Alright! You have the great honor of giving a speech at a wedding. Whether you’re the bride or groom thanking your guests, a maid or matron of honor — or best man giving a memorable toast, or a parent of happy couple, here are some tips for writing and delivering a meaningful speech. As wedding planners, we’ve heard some pretty awful toasts…and some really wonderful toasts. Will you be nervous? Probably. But will it be an amazing way to honor the bride and groom if you follow these tips? Most definitely.
Write the speech well in advance
Write several drafts, check it for errors, and have a trusted friend proofread it to ensure it’s funny, interesting and, most importantly, brief. Avoid embarrassing or taboo topics. Then, practice, practice, practice. After your speech is written, recite it off the page. Then, try to recite it without looking. Know your speech and practice it until you couldn’t forget it if you tried. Bring your notes with you…just in case.
Giving the speech
Make sure guests can hear and you’re holding the microphone properly. If you’re nervous, take a few slow, deep breaths. Remember, you’re surrounded by friends and family and they all want to see you succeed. Keep it short and sweet (like 2-8 minutes). Speak slowly, sincerely and deliberately. It should be long enough to draw in your listeners, but not so lengthy that they start to get bored. Hit the high points and let the crowd get back to socializing.
Speak genuinely from the heart
Emphasize how much your relationship with the bride or groom means to you by speaking to them directly. It’s normal to get a little choked up! Allow your emotion to guide your words. End by asking guests to raise their glasses to toast to the newlyweds. This will make it clear that you’ve finished and get everyone in the mood for the next speech.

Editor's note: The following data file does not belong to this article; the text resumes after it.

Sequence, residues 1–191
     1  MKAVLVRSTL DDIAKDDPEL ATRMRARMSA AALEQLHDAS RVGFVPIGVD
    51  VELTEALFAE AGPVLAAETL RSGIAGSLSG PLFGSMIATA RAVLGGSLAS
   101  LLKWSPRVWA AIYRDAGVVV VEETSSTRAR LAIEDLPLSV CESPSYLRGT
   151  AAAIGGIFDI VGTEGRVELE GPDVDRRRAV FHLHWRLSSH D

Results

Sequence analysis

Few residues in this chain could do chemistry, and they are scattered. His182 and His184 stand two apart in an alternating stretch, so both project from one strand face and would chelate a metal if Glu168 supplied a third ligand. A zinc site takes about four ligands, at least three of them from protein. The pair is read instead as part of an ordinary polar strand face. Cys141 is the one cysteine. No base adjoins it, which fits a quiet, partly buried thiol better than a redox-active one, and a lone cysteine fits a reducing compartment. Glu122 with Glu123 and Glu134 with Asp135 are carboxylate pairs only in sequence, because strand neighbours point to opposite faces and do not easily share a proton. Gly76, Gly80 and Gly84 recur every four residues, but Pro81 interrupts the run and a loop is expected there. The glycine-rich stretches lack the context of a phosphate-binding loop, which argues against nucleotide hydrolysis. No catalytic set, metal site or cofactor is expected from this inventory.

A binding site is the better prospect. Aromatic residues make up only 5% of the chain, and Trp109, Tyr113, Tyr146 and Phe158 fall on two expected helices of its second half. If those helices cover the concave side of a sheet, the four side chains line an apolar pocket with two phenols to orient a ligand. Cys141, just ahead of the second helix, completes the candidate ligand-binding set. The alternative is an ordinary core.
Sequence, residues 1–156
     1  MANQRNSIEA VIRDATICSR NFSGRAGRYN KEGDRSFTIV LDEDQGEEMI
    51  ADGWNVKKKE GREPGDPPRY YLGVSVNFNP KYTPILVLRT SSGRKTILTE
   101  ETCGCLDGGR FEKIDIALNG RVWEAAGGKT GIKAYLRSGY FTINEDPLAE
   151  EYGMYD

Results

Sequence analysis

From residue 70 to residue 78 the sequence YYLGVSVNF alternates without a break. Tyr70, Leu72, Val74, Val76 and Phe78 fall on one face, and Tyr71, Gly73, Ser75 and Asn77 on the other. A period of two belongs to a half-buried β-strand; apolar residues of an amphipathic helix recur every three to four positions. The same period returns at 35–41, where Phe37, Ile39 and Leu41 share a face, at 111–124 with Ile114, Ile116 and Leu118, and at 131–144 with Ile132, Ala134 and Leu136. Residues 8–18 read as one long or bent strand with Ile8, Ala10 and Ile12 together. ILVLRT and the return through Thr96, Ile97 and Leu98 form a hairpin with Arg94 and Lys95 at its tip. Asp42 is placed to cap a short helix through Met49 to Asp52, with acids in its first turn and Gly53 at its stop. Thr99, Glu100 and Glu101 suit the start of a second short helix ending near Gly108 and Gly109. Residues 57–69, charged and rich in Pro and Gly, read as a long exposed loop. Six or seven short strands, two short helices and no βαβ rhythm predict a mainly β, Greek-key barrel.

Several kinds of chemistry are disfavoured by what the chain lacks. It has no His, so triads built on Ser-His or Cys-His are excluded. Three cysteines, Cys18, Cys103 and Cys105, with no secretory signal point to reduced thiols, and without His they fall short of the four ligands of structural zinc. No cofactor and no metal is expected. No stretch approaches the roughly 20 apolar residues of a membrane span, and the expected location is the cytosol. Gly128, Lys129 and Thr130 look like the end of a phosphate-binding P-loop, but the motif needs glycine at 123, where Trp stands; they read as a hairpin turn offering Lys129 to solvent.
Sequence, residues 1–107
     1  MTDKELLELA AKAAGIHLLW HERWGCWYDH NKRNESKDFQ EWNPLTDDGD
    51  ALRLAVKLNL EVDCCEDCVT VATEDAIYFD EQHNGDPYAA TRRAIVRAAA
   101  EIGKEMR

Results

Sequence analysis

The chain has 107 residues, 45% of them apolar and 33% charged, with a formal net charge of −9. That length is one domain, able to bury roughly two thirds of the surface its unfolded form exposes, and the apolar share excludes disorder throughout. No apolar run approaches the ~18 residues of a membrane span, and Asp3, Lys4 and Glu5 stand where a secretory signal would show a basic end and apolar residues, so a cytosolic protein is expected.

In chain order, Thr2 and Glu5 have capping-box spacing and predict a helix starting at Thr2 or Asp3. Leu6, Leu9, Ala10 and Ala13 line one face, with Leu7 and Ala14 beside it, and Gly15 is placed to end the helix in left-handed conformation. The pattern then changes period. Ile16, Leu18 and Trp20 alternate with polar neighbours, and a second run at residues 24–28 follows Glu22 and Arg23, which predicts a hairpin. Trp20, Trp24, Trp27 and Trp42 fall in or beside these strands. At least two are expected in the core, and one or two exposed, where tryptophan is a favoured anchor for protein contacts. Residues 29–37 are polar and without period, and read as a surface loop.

Introduce yourself to the crowd
Start by letting everyone know who you are. Tell them your name, role in the wedding, and relation to the people getting married. Then, tell a joke or a short funny story about the bride or groom to loosen up the crowd (and yourself ). A speech should appeal to everyone, be inclusive, and unite a room. Relating a special memory or inside joke will spark an emotional significance that touches everyone listening.
Acknowledge people who could not attend
If it’s appropriate, pay tribute to someone who can’t be there whether ill, serving in the military, or have passed away. If you’re going to do this, make sure you get their names absolutely correct.
Offer advice or well-wishes for the future and thank everyone in attendance
Shift the focus of the speech to the newlyweds and their future together by addressing the bride and groom directly. Wish them health and happiness. If you want, include a short quote to help illustrate what you are saying. Welcome the bride or groom into the family. Bring the speech to a close by thanking the bride and groom, their parents, friends, family, and everyone in attendance. Be gracious and make everyone feel like they’re part of a wonderfully special occasion.
Good luck! You got this. And if you need help with a sample speech, read the toast I wrote for my own wedding here. Contact Hitch Studio if you want to make sure the speech is the only thing you’re nervous about on your wedding day. 😉